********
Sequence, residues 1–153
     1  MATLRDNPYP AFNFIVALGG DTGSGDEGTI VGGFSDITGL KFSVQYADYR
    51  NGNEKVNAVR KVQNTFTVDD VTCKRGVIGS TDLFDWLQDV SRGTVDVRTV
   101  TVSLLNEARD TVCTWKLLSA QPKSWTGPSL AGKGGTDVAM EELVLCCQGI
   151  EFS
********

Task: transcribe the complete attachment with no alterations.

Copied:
Sequence, residues 1–153
     1  MATLRDNPYP AFNFIVALGG DTGSGDEGTI VGGFSDITGL KFSVQYADYR
    51  NGNEKVNAVR KVQNTFTVDD VTCKRGVIGS TDLFDWLQDV SRGTVDVRTV
   101  TVSLLNEARD TVCTWKLLSA QPKSWTGPSL AGKGGTDVAM EELVLCCQGI
   151  EFS